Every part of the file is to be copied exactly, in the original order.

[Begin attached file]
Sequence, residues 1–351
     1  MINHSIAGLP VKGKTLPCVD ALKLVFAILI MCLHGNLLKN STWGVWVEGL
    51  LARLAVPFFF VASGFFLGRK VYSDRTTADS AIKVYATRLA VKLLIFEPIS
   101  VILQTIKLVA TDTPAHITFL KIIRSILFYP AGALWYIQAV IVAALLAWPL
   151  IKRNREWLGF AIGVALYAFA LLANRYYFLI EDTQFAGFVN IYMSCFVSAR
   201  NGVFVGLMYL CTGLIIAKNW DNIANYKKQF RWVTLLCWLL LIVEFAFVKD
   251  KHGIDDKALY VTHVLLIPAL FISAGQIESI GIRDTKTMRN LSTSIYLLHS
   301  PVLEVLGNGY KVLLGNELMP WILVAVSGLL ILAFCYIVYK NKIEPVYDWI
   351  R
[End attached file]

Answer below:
Sequence, residues 1–351
     1  MINHSIAGLP VKGKTLPCVD ALKLVFAILI MCLHGNLLKN STWGVWVEGL
    51  LARLAVPFFF VASGFFLGRK VYSDRTTADS AIKVYATRLA VKLLIFEPIS
   101  VILQTIKLVA TDTPAHITFL KIIRSILFYP AGALWYIQAV IVAALLAWPL
   151  IKRNREWLGF AIGVALYAFA LLANRYYFLI EDTQFAGFVN IYMSCFVSAR
   201  NGVFVGLMYL CTGLIIAKNW DNIANYKKQF RWVTLLCWLL LIVEFAFVKD
   251  KHGIDDKALY VTHVLLIPAL FISAGQIESI GIRDTKTMRN LSTSIYLLHS
   301  PVLEVLGNGY KVLLGNELMP WILVAVSGLL ILAFCYIVYK NKIEPVYDWI
   351  R